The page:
I see this time as a time to encourage each other to choose joy and to speak life. As Philippians 4:4-8 says “Rejoice in the Lord always. I will say it again: Rejoice! Let your gentleness be evident to all. The Lord is near. Do not be anxious about anything, but in every situation, by prayer and petition, with thanksgiving, present your requests to God. And the peace of God, which transcends all understanding, will guard your hearts and your minds in Christ Jesus. Finally, brothers and sisters, whatever is true, whatever is noble, whatever is right, whatever is pure, whatever is lovely, whatever is admirable—if anything is excellent or praiseworthy—think about such things.”

With the rising fears surrounding us globally, let us remember that God’s perfect love casts out fear.

This week:

  • How can I receive God’s peace that transcends understanding – every day?
  • How can I let this deep peace and gentleness be evident to all around me?

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Ecological grief

By John Evans

Climate chaos is causing profound distress. We see more and more people suffering from ecological grief. You may even know someone in your family with ‘solastalgia’ (the emotional and existential distress caused by climate and ecological change).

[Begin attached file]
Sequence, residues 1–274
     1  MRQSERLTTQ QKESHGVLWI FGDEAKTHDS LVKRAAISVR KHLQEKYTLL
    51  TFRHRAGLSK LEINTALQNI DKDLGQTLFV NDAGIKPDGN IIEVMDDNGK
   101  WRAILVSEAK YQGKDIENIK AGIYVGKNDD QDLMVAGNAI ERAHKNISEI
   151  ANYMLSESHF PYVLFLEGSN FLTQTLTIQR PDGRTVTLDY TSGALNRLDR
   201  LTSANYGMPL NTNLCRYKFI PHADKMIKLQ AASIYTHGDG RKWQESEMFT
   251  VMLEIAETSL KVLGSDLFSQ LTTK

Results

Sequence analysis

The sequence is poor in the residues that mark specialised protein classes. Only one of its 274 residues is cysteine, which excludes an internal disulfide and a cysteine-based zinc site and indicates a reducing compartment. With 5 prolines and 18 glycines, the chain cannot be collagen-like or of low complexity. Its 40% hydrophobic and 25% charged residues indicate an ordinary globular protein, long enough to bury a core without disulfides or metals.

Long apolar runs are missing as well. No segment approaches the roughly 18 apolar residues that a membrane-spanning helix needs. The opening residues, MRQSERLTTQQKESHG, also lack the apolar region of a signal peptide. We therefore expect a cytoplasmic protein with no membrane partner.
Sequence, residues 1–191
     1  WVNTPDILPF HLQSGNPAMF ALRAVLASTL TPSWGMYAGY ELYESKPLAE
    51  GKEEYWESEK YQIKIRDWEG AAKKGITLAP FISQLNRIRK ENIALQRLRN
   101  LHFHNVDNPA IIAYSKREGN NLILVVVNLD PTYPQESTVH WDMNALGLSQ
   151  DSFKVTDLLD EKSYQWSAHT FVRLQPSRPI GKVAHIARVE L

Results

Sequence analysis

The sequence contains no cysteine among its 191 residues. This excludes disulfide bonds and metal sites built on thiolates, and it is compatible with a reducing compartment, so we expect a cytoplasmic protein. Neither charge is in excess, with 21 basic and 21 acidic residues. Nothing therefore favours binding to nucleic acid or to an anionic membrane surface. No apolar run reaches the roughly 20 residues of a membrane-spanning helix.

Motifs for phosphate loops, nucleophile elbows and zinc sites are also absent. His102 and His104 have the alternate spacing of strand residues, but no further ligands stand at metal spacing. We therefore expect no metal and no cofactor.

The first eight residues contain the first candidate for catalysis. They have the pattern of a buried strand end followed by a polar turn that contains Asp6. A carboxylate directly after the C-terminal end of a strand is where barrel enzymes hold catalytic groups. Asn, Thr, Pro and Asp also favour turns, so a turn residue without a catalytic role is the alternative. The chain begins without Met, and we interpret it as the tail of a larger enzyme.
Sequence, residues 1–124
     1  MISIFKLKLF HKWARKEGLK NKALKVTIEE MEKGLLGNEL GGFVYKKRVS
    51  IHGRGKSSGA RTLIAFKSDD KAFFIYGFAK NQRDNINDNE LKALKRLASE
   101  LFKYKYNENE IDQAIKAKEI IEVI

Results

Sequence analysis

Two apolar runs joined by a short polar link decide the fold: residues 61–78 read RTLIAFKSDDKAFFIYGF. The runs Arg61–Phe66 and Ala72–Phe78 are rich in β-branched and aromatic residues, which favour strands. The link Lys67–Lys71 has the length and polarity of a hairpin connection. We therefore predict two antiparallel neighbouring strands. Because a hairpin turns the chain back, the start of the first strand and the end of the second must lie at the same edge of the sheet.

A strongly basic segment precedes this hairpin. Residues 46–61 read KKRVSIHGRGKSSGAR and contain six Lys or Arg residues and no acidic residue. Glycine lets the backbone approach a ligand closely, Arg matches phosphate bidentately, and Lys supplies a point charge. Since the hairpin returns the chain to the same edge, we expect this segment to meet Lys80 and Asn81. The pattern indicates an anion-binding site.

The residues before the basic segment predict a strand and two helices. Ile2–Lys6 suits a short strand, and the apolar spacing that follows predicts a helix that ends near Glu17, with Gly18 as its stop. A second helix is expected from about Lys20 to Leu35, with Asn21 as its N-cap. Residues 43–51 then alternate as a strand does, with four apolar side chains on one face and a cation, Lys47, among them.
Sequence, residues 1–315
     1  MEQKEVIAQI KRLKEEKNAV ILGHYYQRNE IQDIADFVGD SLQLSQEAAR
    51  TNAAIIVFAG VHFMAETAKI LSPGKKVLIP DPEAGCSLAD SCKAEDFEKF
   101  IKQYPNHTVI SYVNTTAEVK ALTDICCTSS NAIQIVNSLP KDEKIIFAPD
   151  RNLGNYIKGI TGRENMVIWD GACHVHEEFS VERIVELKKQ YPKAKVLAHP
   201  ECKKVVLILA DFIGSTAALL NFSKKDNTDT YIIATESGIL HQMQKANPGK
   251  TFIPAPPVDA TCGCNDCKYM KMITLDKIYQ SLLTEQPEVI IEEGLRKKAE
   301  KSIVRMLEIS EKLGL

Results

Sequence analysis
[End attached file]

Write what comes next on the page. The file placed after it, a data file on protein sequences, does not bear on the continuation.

It is hard to talk about grief. When we do it’s generally about the loss of a loved one. When we lose someone, we may go through stages of denial, anger, bargaining, depression and acceptance. We anticipate understanding and compassion – partly because this human experience of deep loss is universal. But what happens when someone continues to deny the passing of someone you love? In their presence you may not feel able to grieve.

The grief associated with climate change can be like this. Not everyone yet accepts the reality of global warming. Some simply don’t see climate change as a threat and may dismiss those who do. Others know it’s happening, but haven’t come to terms with its implications. Dismissing grief or the right to grieve creates “disenfranchised grief” – when society says you shouldn’t be grieving, so you feel like you can’t talk about it. You can’t find support. You feel alone. You may even think your feelings are wrong.

This week, think about what it means to grieve for the environment. Have you become too comfortable, unable to think about the implications? Do you need to grieve more? Are there others you know suffering? What can you do about it?